Scaling up by scaling down
Future of IT: Nanotechnology promises a breakthrough in computer chips
Nanotechnology ' the control of matter at the atomic or molecular level ' offers the potential to revolutionize computing by allowing the development of more dense processors and memory chips.
- By John Savage
- Dec 07, 2007
At Brown University, computer science professor John Savage has been working to evaluate nanotechnologies as they relate to computing.
How soon might consumers see the impact of nanotechnologies? Savage told GCN he hopes to see initial products within the next year, and he projects that the technologies will really prove themselves valuable in the next 10 years.
And they might offer one benefit in increasing demand: a way to reduce energy consumption.
NEW TECHNOLOGIES NEED some applications that allow them to be perfected. You need some kind of applications for nanotechnology to drive it forward and increase its credibility.
I'm hoping that nanoscale materials ' wires and technologies to make switches ' will emerge and be adopted by the industries beginning in the next year.
When you build a computer processing chip today, the wires are defined by the highest wavelength of electromagnetic radiation ' light.
The highest frequency ' the smallest wavelength ' defines how wide an opening you can cut into a piece of metal and shine a light through it to define a clean line, a wire.
And those wires are going to be at least a factor of 10 wider than the nanowires that we can put down. To imagine a factor of 10, just take a ruler and look at one inch versus 10 inches. A factor of 10 is huge.
You can use nanowires to compute and store data, but the goal is to increase the density of the bits that you can put on a chip.
There are people who have shown that with nanotechnology they can put a number of bits on a chip approaching 1011 or 1012 per centimeter squared.
This is a high density. That's a couple of orders of magnitude higher than what we have today in complementary metal-oxide semiconductors.
Secondly, the technology could reduce power consumption, which would be a big win. Some of the technologies that have been proposed are nonvolatile memories with no power consumption when they're sitting idle.
From the user point of view, this would allow you to do an extremely fast power-up of the computer.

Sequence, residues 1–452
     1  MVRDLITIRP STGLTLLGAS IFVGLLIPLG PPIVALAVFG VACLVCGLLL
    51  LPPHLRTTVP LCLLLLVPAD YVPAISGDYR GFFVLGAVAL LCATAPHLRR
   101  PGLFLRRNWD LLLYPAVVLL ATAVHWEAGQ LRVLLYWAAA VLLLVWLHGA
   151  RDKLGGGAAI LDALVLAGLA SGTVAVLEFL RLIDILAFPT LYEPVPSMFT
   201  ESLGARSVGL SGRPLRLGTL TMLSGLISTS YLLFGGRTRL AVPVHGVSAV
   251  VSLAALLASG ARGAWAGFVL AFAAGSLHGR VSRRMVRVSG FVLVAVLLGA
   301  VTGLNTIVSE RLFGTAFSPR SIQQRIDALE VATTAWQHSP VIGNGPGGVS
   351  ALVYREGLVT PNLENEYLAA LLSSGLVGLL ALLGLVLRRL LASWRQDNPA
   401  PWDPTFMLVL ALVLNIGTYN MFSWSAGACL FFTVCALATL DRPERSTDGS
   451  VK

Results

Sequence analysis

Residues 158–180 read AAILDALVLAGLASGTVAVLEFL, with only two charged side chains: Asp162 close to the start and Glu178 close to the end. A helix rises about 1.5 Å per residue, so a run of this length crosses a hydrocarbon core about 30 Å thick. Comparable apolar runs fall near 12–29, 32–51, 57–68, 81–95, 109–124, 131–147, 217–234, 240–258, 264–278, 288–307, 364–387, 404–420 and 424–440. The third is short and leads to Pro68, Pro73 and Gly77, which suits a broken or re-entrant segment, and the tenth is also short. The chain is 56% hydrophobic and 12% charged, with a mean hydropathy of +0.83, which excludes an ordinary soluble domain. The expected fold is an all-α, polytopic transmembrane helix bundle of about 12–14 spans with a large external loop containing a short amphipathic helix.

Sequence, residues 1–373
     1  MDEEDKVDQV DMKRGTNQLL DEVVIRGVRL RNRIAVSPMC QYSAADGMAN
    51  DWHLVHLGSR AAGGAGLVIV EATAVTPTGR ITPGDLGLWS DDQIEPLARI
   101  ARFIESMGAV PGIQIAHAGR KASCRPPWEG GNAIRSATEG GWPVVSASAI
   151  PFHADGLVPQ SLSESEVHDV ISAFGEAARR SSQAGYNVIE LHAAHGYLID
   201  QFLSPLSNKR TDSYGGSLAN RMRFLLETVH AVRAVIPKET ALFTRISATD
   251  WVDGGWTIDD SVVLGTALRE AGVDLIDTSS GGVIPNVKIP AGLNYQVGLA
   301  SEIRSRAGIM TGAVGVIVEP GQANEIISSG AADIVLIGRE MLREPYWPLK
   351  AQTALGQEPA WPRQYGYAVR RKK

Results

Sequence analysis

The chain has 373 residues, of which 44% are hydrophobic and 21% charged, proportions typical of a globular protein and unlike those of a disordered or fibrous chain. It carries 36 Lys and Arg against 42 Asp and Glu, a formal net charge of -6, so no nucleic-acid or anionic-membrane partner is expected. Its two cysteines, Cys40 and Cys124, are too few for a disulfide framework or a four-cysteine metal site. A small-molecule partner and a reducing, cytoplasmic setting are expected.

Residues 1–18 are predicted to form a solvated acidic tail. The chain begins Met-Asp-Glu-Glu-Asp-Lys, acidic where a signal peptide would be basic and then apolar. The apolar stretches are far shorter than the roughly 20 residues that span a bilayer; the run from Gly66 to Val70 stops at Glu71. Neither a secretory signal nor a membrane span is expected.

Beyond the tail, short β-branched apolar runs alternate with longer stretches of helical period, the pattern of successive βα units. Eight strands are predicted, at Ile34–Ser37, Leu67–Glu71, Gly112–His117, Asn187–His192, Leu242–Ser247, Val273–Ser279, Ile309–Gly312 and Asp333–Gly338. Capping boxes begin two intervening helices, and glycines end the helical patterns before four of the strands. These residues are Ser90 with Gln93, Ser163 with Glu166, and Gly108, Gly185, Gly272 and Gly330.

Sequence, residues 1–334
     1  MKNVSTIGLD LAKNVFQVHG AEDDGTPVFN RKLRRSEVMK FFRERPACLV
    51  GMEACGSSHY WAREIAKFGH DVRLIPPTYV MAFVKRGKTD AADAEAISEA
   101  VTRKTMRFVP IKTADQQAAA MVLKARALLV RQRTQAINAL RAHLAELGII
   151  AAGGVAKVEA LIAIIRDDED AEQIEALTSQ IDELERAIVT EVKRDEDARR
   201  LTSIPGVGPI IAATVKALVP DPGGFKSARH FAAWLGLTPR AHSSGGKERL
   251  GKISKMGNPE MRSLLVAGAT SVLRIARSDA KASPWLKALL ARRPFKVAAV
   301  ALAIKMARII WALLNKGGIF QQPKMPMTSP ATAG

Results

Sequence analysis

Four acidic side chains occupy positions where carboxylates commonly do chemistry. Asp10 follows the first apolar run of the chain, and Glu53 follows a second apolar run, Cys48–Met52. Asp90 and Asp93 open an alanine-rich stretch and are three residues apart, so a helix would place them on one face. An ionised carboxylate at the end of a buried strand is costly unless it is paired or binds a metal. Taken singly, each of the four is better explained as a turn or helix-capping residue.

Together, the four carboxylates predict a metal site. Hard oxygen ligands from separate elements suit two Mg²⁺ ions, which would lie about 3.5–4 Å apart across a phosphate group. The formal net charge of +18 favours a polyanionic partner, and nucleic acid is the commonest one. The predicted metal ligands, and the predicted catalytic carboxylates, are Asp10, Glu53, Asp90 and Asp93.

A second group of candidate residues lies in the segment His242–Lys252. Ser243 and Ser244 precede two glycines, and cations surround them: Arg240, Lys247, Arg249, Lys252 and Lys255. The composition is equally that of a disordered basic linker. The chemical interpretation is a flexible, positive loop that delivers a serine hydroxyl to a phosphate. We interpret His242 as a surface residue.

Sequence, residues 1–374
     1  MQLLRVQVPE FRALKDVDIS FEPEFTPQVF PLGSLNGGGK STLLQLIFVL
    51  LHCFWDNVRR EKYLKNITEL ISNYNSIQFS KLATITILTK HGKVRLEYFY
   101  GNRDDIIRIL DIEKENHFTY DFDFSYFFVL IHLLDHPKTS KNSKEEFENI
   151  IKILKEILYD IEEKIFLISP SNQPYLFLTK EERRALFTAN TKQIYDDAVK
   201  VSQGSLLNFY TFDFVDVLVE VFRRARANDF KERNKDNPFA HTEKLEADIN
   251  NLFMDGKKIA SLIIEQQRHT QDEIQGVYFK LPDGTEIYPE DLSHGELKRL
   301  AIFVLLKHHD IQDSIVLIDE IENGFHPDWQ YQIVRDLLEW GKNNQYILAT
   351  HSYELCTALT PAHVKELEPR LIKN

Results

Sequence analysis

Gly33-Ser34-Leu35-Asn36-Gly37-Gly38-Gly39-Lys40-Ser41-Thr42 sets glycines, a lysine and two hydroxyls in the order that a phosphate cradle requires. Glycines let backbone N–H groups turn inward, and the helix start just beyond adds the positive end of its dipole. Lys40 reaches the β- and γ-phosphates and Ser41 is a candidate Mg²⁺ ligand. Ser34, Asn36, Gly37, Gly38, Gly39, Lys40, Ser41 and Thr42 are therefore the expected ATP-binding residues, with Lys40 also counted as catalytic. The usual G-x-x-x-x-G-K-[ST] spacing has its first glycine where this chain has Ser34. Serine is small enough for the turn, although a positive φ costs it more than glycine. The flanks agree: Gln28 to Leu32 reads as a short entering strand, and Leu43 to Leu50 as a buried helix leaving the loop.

To make it practical, you need to be able to use a small number of lithographic wires to control the nanowires. A number of methods have been introduced for just this purpose.
My students and I have analyzed them all.
What is interesting is that every method we know about so far introduces randomness.
Basically, at the nanoscale, you can't position things where you'd like to position them. You have to go through a discovery process and then go through a configuration step so that you can map the external binary addresses to the internal ones.
That is an issue with people using lithography because their goal in designing chips is to make sure those chips work coming out of the chute.
The semiconductor industry is reluctant to change. They've got so much invested in photolithography that they make changes slowly.
I'm not particularly optimistic that they will move unless they face a genuine crisis.
Nanotechnology is a domain in which the chemist comes forward.
Photolithography has been the domain of the physicist.
That's a gross exaggeration, but with nanotechnology, you can lay down lots of small wires in parallel on a chip easily using old-fashioned techniques that have been in the lab for 15 to 20 years.
You can work at the nano scale and make working devices using standard equipment. It's not cheap but it's not grossly expensive either.
If you move to nanotechnology you might not have to increase the cost by billions of dollars every time you start a new feature line. So we can expect costs to come down.
I would say that within 10 years we'll know if nanotechnology is going to make it. ■